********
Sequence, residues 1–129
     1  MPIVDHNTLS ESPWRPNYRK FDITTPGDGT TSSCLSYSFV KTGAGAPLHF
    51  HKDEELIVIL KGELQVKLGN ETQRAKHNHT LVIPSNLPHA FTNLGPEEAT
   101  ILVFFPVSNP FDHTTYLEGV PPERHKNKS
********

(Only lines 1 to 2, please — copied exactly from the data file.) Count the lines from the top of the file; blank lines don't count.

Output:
Sequence, residues 1–129
     1  MPIVDHNTLS ESPWRPNYRK FDITTPGDGT TSSCLSYSFV KTGAGAPLHF